Republican Guard (Syria)

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Syrian Republican Guard Forces
الحرس الجمهوري
Syrian Republican Guard SSI.svg
Republican Guard shoulder sleeve insignia
Active 1976 — present
Country  Syria
Allegiance President of Syria
Branch Syrian Arab Army
Type Shock Troops
Role Mechanized infantry
Size 25,000[1]
Garrison/HQ Mount Qasioun, Damascus
Engagements

Syrian Civil War

Commanders
Current
commander
Maj. Gen. Shoaeb Suleiman
Deputy Commander Brig. Gen. Mohamed Qasem
Brigade Commanders Brig. Gen. Issam Zahreddine (104th Brigade)
Brig. Gen. Talal Makhlouf (105th Brigade)
Brig. Gen. Rukin Mohamed Khaddor (106th Brigade)
Notable
commanders
Bashar al-Assad
Adnan Makhlouf
Manaf Tlass (formerly) (105th Brigade)

The Syrian Republican Guard (Arabic: الحرس الجمهوريal-Haras al-Jamhūriyy as-Sūrī), also known as the Presidential Guard, is a elite 25,000 man mechanized division.iIts main purpose is to protect the capital, Damascus, from any foreign or domestic threats. The Guard is the only Syrian military unit allowed within the capital city centre.[5]

History[edit]

The Guard was formed in 1976 when anti-Syrian Palestinian groups launched attacks on Syrian officials. Major-General Adnan Makhlouf commanded the Guard from 1976 till 1997. The Republican Guard is used mostly to protect top Syrian government officials from any external threats and to serve as a counter-weight to the other powerful military formations near the capital, the 4th Mechanized Division, the 3rd Armoured Division, and the 14th Special Forces (Airborne) Division.[6] It is reported[by whom?] that in order to maintain loyalty to the Syrian government, officers of the Republican Guard receive a significant share of the revenue from the Syrian oil fields in the Deir ez-Zor region, which in large part is not recorded in the country's budget.[7] Many members of the Assad family have served in the Republican Guard. Bashar al-Assad was a Colonel, and was given control of a brigade. His younger brother Maher was also a Colonel in the Republican Guard.[8]

Structure[edit]

At the outset of the 2011 conflict, the Republican Guard included three mechanized brigades and two “security regiments.” The overall force structure is comparable to a conventional mechanized infantry division, but like the 4th Armored Division, the Republican Guard is outfitted with better equipment and maintained at full strength. Brigade commanders include regime stalwarts like Talal Makhlouf, who hails from the family of Hafez al-Assad’s wife, and the Division’s officers and soldiers are almost entirely Alawites. The Republican Guards did include Sunni leadership at the outset of the conflict, notably Manaf Tlass, son of Syria’s long-serving Defense Minister Mustafa Tlass and close friend to Bashar before the uprising. As early as May 2011, the regime reportedly placed Tlass under house arrest, and he defected in July 2012.[4]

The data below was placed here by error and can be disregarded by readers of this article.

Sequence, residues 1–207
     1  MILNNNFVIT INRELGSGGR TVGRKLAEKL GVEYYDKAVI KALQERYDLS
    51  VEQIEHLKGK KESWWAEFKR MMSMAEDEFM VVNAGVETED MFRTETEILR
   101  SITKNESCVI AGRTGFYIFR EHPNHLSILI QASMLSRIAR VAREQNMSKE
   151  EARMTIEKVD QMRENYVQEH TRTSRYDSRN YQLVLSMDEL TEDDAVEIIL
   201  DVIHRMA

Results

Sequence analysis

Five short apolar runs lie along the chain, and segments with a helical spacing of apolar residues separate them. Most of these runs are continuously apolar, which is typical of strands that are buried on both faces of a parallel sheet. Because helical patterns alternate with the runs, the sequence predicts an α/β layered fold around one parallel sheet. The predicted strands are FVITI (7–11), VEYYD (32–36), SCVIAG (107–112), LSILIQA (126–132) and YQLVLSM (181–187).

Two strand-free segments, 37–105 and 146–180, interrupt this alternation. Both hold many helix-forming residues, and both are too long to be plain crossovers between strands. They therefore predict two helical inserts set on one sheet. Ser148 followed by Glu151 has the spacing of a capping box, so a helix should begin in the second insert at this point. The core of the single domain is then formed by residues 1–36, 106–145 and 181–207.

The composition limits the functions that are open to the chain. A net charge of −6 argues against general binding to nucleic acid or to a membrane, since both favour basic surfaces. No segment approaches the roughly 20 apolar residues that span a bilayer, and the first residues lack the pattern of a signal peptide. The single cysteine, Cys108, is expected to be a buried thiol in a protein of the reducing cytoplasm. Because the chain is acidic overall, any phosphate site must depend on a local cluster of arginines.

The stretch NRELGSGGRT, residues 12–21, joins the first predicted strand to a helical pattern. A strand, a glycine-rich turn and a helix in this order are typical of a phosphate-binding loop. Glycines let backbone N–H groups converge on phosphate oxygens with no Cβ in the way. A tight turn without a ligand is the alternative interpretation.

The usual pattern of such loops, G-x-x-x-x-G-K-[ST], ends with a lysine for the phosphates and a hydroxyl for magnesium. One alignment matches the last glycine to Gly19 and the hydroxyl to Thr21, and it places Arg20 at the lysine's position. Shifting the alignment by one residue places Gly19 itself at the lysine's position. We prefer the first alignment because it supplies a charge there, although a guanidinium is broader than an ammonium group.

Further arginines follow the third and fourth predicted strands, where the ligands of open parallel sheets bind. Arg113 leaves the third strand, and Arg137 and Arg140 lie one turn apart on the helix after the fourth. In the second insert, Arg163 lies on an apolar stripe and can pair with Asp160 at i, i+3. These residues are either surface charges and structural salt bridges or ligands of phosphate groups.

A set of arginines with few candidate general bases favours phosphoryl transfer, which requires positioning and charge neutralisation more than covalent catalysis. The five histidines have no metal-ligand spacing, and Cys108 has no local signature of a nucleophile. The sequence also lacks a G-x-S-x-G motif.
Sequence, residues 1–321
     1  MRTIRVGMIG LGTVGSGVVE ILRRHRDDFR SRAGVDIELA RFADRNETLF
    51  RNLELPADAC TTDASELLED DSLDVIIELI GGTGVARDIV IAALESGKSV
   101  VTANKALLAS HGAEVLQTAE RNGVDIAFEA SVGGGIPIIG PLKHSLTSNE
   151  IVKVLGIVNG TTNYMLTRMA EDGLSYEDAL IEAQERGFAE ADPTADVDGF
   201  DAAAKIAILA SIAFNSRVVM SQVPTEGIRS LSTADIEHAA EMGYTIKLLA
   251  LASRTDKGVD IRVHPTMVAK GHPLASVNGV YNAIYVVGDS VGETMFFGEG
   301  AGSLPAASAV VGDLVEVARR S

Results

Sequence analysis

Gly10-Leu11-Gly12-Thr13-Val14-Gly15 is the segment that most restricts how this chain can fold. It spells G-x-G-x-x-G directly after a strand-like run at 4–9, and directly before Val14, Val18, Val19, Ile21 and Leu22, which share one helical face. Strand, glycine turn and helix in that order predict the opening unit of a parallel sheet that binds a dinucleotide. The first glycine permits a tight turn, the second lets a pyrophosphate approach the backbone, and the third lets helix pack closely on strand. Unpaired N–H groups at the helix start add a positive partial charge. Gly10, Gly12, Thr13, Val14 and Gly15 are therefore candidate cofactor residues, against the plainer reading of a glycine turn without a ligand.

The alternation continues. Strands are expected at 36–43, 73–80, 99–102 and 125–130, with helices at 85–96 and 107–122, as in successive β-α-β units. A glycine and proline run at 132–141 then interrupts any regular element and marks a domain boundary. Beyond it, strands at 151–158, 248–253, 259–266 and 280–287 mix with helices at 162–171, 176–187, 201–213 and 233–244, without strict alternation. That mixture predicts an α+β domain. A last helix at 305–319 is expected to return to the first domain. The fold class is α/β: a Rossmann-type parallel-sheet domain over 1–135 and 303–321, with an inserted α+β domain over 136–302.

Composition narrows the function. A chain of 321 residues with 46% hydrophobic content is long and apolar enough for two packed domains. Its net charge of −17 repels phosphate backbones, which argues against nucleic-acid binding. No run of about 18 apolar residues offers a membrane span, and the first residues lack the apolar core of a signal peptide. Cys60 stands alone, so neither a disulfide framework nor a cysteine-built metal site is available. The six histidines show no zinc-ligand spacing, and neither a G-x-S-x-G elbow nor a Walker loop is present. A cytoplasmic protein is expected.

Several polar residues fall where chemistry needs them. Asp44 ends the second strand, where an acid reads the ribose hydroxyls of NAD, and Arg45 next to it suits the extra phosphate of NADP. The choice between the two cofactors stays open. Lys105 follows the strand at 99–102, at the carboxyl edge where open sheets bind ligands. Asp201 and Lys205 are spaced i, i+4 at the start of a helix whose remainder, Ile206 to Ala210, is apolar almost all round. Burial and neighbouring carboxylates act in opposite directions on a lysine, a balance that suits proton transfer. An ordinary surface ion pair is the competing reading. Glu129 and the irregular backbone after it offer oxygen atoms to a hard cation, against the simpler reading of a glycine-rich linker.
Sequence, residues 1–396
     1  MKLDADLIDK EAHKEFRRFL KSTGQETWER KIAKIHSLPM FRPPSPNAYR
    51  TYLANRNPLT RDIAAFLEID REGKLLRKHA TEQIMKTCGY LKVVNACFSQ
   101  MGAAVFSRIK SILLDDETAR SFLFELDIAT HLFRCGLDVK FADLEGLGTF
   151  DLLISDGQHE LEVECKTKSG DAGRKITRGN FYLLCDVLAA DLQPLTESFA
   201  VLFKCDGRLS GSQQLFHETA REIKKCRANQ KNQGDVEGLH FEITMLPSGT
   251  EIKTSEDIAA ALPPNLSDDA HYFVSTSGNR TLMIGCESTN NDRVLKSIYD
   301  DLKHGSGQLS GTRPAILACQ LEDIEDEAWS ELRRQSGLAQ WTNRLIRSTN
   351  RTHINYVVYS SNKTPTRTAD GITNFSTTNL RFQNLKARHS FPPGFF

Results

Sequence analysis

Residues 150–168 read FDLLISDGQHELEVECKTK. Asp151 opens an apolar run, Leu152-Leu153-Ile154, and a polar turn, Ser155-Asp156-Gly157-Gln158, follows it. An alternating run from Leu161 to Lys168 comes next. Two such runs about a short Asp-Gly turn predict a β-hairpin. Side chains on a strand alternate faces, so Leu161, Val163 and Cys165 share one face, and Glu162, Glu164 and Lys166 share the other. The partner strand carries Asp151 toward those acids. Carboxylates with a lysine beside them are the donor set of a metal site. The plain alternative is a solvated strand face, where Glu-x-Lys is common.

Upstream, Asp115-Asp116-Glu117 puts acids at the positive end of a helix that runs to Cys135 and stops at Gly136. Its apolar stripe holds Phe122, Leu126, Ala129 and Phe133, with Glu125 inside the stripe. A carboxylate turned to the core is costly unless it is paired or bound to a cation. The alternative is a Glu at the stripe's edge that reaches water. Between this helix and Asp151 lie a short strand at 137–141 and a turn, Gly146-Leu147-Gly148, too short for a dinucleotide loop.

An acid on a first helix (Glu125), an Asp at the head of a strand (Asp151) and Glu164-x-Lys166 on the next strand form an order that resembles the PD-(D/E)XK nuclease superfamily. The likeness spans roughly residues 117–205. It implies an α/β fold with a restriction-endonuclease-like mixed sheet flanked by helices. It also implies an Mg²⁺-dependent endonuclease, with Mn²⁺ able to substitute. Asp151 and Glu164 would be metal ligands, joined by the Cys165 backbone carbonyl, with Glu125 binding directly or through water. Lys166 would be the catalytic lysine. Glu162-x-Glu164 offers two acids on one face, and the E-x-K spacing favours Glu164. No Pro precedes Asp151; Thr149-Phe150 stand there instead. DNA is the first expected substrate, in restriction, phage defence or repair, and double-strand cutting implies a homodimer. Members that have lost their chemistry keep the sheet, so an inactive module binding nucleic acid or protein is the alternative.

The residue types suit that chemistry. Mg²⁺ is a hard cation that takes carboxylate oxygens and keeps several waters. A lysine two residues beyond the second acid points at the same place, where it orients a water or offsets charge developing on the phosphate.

Syrian civil war[edit]

At the beginning of the Syrian civil war, the Republican Guard kept out of the conflict, with only the regular Syrian Armed Forces fighting. In June 2012, the Republican Guard clashed with rebels near its housing compounds and bases in the suburbs of Qudsaya and al-Hamah, about 8 kilometers from central Damascus.[9] The unit has been accused by Human Rights Watch of engaging in human rights abuses during the conflict.[10] Later on, Republican Guard units were deployed to regime bases in the North and East of the country, in order to bolster and stiffen the resistance against rebel advances.[citation needed]

Uniform and insignia[edit]

The Republican Guard uniform is distinct from the regular Army uniform. Service dress is composed of red berets rather than the standard black or green, red epaulettes, red lanyards, and brown leather belts with brown shoes. On ceremonial occasions, officers wear red peaked caps instead of a beret.[citation needed]

References[edit]

  1. ^ "Syrian rebel leader to Haaretz: Assad's opposition will secure chemical weapons". Haaretz. 28 May 2012. Retrieved 2 August 2012. 
  2. ^ [1]
  3. ^ Government Troops Advance in Syria's Largest City
  4. ^ a b http://www.understandingwar.org/sites/default/files/SyrianArmy-DocOOB.pdf
  5. ^ MEIB (August 2000). "Syria's Praetorian Guards: A Primer". Middle East Intelligence Bulletin 2 (7). Retrieved 20 July 2011. 
  6. ^ Paul, James (1990). Human rights in Syria. Human Rights Watch. p. 50. 
  7. ^ Batatu, Hanna (1999). Syria's peasantry, the descendants of its lesser rural notables, and their politics. Princeton, NJ: Princeton Univ. Press. p. 237. ISBN 0-691-00254-1. 
  8. ^ Bar, Shmuel (2006). Bashar’s Syria: The Regime and its Strategic Worldview. pp. 379, 384. Retrieved 23 June 2011. 
  9. ^ "Activists: Syrian rebels clash with elite troops". USA Today. Associated Press. 26 June 2012. Retrieved 6 May 2013. 
  10. ^ "Appendix 1: Structure and Command of Armed Forces and Intelligence Agencies". Human Rights Watch. 

Further reading[edit]

  • Kenneth M. Pollack, Arabs at War: Military Effectiveness 1948-91, University of Nebraska Press, Lincoln and London, 2002, and Pollack's book reviewed in International Security, Vol. 28, No.2.
  • Richard Bennett, The Syrian Military: A Primer MEIB Bulletin, Vol. 3, No. 8, August/September 2001